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High School and Beyond

Graduation Requirements Checklist, Class of 2022.pdf
Here is an example of what a credit checklist form looks like. This can help track which graduation requirements a student has completed and which requirements still need to be satisfied. The example is for Class of 2022.

Student Questionnaire for Letter of Recommendation
Seniors:  If a college application requests letters of recommendation or reference, please complete this questionnaire and give to the individual(s) indicated in the college application when asking for a Letter of Recommendation.  Please give two weeks notice.

Please click on each item below to view the handouts from College Resource Night:


COLLEGES ARE SURE TO find your international baccalaureate degree impressive – but not if you call it an "international bachelorette" on your application. That's a spell-check-induced gaffe cited by deans of admission at more than a couple schools. 

What are some other mistakes that drive college admissions staffers crazy – and sometimes send the applicant straight to the rejection pile? U.S. News asked pros from around the country to weigh in on what they'd strongly rather you not do. Here are some of the highlights. 

Neglecting to read directions: We have a place on our application that is marked clearly for international students. But we have gotten applications from American students who have not read that, and where it asks, "Do you have a visa?" they say yes.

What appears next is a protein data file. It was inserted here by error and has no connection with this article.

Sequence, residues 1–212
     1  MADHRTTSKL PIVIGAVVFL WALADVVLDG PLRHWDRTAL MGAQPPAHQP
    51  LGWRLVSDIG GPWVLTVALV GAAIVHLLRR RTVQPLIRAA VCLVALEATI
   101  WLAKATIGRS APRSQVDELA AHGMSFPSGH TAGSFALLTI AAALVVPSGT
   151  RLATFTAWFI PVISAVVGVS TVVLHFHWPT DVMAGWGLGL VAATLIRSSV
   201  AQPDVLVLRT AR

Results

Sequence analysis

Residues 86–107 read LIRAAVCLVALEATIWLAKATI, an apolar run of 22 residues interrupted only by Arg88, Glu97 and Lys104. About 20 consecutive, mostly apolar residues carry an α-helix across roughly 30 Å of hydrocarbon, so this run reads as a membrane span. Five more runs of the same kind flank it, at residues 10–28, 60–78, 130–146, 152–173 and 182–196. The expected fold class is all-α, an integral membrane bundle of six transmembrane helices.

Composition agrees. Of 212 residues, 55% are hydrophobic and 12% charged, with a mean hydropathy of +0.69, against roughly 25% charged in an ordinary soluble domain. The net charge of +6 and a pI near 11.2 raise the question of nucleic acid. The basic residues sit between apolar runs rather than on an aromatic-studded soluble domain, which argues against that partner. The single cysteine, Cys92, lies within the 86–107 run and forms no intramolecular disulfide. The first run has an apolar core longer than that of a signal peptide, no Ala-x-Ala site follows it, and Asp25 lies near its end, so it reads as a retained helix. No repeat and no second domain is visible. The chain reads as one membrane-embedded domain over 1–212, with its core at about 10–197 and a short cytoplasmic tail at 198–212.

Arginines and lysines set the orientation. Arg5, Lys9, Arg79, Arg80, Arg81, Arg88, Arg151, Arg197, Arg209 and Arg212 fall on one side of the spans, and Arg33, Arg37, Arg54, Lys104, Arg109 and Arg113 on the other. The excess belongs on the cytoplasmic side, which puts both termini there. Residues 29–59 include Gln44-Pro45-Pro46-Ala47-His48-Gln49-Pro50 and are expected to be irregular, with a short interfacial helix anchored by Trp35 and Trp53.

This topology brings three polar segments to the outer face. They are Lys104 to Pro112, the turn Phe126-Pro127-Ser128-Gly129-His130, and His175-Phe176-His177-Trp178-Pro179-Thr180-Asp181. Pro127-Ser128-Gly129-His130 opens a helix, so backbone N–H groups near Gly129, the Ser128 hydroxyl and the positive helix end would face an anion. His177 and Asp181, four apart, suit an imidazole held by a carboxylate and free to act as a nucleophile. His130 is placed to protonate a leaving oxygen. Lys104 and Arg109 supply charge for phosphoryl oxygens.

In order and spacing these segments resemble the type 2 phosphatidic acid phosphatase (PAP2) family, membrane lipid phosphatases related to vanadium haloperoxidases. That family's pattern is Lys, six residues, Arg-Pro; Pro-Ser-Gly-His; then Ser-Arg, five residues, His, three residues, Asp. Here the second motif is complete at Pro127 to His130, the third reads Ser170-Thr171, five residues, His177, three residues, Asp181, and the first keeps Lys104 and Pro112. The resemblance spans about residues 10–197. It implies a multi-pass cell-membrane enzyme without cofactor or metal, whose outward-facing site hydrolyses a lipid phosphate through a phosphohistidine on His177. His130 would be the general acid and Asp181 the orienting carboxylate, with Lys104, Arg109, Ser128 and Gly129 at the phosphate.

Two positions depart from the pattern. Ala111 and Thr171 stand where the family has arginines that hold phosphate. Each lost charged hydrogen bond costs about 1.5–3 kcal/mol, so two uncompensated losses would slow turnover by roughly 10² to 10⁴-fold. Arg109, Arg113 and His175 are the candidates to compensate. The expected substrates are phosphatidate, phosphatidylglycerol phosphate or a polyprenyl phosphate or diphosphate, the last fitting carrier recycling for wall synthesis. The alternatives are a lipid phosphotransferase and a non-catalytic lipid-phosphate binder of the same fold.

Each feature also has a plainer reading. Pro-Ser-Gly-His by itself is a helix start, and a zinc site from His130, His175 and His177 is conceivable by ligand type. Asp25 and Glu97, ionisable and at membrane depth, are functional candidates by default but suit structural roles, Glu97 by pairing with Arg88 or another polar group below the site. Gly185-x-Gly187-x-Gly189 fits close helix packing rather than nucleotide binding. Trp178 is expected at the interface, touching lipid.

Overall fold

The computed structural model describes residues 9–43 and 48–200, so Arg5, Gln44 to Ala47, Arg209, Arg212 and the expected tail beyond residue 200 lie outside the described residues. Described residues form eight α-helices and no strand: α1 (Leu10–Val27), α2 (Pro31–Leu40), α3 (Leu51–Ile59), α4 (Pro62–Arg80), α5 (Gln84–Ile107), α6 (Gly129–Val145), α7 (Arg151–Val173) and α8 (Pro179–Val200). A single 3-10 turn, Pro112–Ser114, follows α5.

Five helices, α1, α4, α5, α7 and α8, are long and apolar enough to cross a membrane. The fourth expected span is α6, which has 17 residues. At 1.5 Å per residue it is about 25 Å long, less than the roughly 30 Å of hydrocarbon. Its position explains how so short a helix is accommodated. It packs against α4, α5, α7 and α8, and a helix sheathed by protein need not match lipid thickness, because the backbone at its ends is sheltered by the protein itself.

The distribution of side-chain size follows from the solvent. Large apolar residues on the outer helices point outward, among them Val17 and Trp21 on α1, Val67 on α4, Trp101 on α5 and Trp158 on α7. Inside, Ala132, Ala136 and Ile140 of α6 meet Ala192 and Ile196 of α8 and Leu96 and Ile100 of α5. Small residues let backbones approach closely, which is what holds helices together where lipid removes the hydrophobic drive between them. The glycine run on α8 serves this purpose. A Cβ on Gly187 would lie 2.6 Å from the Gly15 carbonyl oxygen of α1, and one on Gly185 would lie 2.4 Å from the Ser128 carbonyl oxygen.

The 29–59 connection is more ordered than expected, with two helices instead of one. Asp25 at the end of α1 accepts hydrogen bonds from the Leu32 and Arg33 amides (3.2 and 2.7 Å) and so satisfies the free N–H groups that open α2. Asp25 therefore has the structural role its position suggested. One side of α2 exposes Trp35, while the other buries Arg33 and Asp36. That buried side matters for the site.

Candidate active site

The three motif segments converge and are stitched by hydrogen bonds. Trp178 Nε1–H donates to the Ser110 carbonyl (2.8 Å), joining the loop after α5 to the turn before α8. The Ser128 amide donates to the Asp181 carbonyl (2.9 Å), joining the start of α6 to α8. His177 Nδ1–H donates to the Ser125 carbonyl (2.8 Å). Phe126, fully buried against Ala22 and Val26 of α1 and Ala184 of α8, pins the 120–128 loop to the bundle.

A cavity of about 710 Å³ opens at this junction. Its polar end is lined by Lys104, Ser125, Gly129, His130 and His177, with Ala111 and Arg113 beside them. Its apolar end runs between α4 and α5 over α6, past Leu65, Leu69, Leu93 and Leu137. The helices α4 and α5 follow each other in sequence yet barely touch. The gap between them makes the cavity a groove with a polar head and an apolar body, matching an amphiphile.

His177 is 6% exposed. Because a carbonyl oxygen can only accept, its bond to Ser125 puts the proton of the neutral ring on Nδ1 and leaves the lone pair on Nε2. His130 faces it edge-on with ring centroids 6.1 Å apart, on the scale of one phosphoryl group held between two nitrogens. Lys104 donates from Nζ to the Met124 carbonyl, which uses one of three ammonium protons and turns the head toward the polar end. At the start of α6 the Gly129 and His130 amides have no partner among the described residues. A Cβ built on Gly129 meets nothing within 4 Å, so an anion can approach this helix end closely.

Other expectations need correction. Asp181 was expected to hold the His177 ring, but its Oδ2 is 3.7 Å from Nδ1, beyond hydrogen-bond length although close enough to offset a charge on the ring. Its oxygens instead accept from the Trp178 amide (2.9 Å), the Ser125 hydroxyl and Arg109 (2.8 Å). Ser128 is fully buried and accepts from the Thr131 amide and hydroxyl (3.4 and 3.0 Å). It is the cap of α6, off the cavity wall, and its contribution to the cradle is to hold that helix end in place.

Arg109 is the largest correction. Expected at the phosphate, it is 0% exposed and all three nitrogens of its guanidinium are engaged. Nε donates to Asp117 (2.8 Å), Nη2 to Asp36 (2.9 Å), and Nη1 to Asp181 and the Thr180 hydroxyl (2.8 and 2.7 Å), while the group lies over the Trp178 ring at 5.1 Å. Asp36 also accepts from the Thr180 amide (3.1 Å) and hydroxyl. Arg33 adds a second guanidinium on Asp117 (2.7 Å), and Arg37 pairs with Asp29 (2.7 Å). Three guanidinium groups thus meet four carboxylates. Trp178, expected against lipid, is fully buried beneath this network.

And when it asks what kind, we're expecting to see an F1 or a J2, something administered by [the government]. In one case we got Bank of America. And where we asked for the number of the visa, we got the credit card number. We were not impressed. 

Letting parents take the lead: It doesn't tell us that a student is interested if we get 15 phone calls from Mom. Some parents are annoying – we get that. We try not to hold it against the student, as long as he or she has played a role in the process. We want families involved. But the student needs to take the lead.

Submitting a lengthy resume: At my stage in my career, I shouldn't have a three-page resume. So no 17-year-old should be submitting a three-page resume. 

I know many college counselors encourage students to write one as a process to help the kid recognize all she's accomplished, but we don't need to see it if you've filled out the application properly. It just rubs me the wrong way when students submit a resume rather than filling out the activity portion of the application. 
Hitting submit without proofreading: Using spell-check isn't enough – you have to proofread. Julie Taymor, who wrote and directed "The Lion King," is a graduate of Oberlin, and we had a student who was really passionate about [Taymor's] work and wrote a really well-done essay about it. But she neglected to proof it, and throughout she referred to the musical as "The Loin King." 

She didn't get in. It wasn't just because of that; it didn't help, though. It was a really good essay, but that just put the pause button on it. 

Waiting until the last minute: Many students who submit on the date of the deadline assume that everything transmitted and was received. But sometimes things are lost in cyberspace. 

By the time we process the thousands of pieces of information that come in on the final day, the actual deadline has come and gone, and it's possible that something is still missing. We try to give a few days' grace period, but colleges and universities expect you to confirm that your application has been received and that it is complete. 

Repeating yourself: When I keep hearing the same thought over and over, I really feel like it's a missed opportunity. In the application, real estate is so valuable!